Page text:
No matter the denominational orientation or country of origin, Jewish Bible scholars have been united in their preference for the Masoretic text, and tended toward reticence in emending it. Moses Mendelssohn (1729-1786) dismissed Higher Criticism as an ephemeral phenomenon: his confidence in the Masoretic (Hebrew) text was unbounded.9 A century later, Jewish scholars such as David Zvi Hoffman, Umberto Cassuto and Benno Jacob argued the superiority of the Masoretic text on technical grounds (e.g., genealogies and number structures available only in Hebrew) and exegetical ones (e.g., Jacob argued the Septuagint and Samaritan Pentateuch “corrected” things in the original Hebrew from apologetic motives). Martin Buber and Franz Rosenzweig considered “R” as Rabbenu, the ultimate Teacher-Guide, in contrast to Source Critics, for whom “R” was the ham-handed “Redactor.” The nuanced scholarship on the Buber-Rozenzweig translation obscures a simple observation — in presuming that the modern person could hear the Voice behind the text they took that Masoretic text for granted. While Rosenzweig knew Greek and Latin better than Hebrew, he barely consulted the Septuagint or the Vulgate.

In a review of the New English Bible (NEB), the Bible-scholar and theologian, Moshe Greenberg accurately noted the emendatory spirit in the NEB’s treatment of the “Old Testament” editors versus the respectful and tentative approach toward emending the “New Testament.”10 Specifically, Greenberg preferred the NEB’s rendering of Luke to its rendering of Deuteronomy. He argued that the cautious approach should always prevail in biblical renderings; be he/she Christian or Jewish, the translator of the Bible is never free to ignore the community of Bible readers – overwhelmingly inclined to grant a measure of sanctity to the text. Secular critics of the Bible would hardly concede Greenberg’s procedural claim, but I would say that in Jewish Bible translations Greenberg has been granted his wish. Even the New JPS Tanakh — The Holy Scriptures According to the Traditional Hebrew Text (my emphasis), relied principally on the Masoretic Text, despite the chief editor’s signal role in refuting the idea that a singular Masoretic Text ever existed!11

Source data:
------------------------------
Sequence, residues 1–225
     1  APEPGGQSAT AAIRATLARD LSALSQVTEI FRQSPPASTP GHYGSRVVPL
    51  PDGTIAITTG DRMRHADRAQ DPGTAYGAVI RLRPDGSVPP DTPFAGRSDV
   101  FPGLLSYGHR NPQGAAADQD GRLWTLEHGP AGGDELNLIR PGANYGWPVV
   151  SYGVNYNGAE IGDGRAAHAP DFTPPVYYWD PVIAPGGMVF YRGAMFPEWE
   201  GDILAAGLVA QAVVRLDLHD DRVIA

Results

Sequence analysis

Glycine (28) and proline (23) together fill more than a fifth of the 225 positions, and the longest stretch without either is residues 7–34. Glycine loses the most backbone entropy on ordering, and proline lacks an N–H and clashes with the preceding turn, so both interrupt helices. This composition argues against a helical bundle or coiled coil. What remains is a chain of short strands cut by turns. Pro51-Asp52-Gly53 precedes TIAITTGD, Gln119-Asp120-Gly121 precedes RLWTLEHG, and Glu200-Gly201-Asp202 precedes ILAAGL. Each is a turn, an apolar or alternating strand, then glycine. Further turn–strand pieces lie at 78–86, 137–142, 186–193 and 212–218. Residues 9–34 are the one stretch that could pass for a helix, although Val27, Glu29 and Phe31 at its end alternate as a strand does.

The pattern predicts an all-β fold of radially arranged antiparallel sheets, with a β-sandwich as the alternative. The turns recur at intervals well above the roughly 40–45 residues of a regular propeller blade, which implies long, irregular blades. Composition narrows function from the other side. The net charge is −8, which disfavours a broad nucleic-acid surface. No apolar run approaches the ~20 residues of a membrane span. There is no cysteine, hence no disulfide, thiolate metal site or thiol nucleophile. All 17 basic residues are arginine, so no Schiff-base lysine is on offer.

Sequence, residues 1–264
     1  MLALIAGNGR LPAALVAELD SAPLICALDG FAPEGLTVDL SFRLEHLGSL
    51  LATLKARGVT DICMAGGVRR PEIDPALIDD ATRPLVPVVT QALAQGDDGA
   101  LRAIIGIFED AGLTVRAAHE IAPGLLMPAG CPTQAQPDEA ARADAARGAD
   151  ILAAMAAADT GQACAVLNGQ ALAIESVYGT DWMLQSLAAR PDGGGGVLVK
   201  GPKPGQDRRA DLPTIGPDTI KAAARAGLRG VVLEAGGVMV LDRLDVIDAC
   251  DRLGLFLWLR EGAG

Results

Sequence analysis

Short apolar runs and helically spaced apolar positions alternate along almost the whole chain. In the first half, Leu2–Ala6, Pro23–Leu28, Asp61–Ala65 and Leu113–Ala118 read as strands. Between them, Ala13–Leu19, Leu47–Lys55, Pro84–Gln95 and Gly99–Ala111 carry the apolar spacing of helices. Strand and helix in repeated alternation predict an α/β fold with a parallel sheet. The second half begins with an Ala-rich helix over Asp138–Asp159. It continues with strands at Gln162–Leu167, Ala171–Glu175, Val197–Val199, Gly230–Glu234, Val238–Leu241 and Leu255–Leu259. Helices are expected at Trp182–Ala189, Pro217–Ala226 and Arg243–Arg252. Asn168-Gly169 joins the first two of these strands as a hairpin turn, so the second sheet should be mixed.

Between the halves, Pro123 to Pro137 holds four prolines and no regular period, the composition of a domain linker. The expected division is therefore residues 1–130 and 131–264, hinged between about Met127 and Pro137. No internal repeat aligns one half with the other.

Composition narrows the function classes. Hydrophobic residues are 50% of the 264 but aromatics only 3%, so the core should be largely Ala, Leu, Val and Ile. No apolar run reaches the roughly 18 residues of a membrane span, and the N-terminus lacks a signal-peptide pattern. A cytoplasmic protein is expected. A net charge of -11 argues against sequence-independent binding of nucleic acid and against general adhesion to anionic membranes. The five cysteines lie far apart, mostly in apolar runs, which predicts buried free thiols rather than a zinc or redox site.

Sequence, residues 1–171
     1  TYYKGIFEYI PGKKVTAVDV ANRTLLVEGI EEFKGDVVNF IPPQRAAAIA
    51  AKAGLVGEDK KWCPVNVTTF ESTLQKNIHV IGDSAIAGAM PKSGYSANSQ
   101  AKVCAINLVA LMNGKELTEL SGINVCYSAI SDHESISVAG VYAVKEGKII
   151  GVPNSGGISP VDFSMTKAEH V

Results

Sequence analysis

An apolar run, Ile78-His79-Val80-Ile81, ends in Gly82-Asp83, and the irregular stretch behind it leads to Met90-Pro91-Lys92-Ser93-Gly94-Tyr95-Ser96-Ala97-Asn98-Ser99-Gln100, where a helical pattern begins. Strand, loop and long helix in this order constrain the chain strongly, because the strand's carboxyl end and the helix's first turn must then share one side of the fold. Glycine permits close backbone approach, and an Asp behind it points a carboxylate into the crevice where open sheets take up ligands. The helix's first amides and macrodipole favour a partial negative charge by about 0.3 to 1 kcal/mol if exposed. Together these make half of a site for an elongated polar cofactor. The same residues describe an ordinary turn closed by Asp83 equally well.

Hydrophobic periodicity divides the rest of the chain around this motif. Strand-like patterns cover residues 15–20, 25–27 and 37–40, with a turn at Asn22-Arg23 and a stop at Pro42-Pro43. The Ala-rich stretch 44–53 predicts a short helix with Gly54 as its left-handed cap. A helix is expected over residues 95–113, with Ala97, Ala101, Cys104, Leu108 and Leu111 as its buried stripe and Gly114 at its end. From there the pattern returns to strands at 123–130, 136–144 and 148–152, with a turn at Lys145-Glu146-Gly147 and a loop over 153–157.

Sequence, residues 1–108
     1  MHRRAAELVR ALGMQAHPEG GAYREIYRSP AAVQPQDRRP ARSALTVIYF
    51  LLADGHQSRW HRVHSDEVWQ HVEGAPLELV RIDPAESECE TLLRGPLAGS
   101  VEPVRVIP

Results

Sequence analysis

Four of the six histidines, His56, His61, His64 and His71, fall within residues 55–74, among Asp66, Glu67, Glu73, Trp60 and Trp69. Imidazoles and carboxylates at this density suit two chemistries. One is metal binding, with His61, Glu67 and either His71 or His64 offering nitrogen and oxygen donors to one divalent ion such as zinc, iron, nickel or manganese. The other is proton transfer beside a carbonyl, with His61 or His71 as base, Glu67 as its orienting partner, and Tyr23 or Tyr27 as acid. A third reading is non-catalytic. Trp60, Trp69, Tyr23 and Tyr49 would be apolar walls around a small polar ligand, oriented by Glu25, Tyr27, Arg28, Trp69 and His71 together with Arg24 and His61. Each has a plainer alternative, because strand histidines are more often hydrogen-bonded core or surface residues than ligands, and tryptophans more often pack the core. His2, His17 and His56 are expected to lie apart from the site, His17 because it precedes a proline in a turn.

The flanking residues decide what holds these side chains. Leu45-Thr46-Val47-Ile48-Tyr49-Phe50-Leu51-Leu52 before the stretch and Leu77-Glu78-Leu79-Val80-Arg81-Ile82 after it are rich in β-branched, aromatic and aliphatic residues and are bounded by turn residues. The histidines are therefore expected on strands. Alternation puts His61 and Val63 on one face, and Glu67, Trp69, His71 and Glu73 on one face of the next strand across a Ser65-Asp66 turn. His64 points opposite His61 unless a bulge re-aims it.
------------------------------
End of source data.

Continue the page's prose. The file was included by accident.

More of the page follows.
Assessing the Hebrew-ness of the Bible, it seems to me that we are looking at a doctrine, if not a dogma. To conclude on a personal note: I worked for eighteen years at a Jewish college where faculty meetings lurched into Hebrew, punctuated with friendly rebukes. These corrections might have been expected from my Israeli colleagues, but our Ancient Near East specialist would point out Ugaritic or Akkadian cognates, and our colleague best-versed in Talmud usually supplied a rabbinic phrase (Hebrew or Aramaic) to drive his point home. Our Dean, who wrote her thesis on the Zionist Yosef Hayyim Brenner, took umbrage at our ignorance of the modern classics. How could someone know Hebrew without knowing the poetry of Chaim Nachman Bialik or the Nobel Prize winning novelist Shmuel Yosef Agnon? Since everyone on that faculty could read the Bible, follow a Hebrew-only service, and understand an Israeli university lecture, I have concluded that the modern concept of “Hebrew mastery”’ invites an unduly elitist standard. The Hebrew-ness of the Hebrew Bible means much more to contemporary Jews than it did to the original authors.


1 My title is a nod to David Aaron’s important essays “The Doctrine of Hebrew Language Usage,” in The Blackwell Companion to Judaism vol. 1: 268-287 and vol. 2: 202-211. See also: “Judaism’s Holy Language,” in Jacob Neusner, ed., Approaches to Ancient Judaism New Series, vol. 16. (Atlanta: Scholars Press, 1999), 49-107.

2 See, for examples of approving vernacular prayer, Mishnah, Sotah 7:1-2; Mishnah, Megillah 2:1.

3 Benedict Anderson, Imagined Communities (London-New York, Verso, 1983), 78.

4 “Education Ministry to Ban Bible-Lite Study Booklet” Haaretz (English-edition) (5 September 2008).

5 Ahad Haam, “Torah m’Tzion” Yalkut Katan. Al Pr’ishat Drachim (Berlin:, Jüdischer Verlag, 1921), 127.

6 Solomon Schechter, “The Study of the Bible” Studies in Judaism, (Philadelphia: JPS, 1908) 30-54.

7 Lance J. Sussman, “Another Look at Isaac Leeser and the First Jewish Translation of the Bible in the United States,” Modern Judaism 5:2 (May 1985): 161, 159-190.

8 Mordechai Breuer, “Nehama Leibowitz’s Approach to Critical Bible Scholarship,” Limmudim 1 (2001): 11-20.

9 Edward Breuer, The Limits of Enlightenment (Cambridge, MA: Harvard University Press, 1996); David J. Sorkin, Moses Mendelssohn and the Religious Enlightenment (Berkeley: University of California Press, 1996).

10 Moshe Greenberg “Can Modern Critical Jewish Scholarship Have a Jewish Character?” (1983), reprinted in Studies on the Bible and Jewish Thought (Philadelphia: JPS, 1995).

11 Harry Orlinky, Essays in Biblical Culture and Bible Translations (NY: KTAV, 1974), who probably did more than any scholar of his generation to discredit the notion of there being a single, pristine Masoretic text.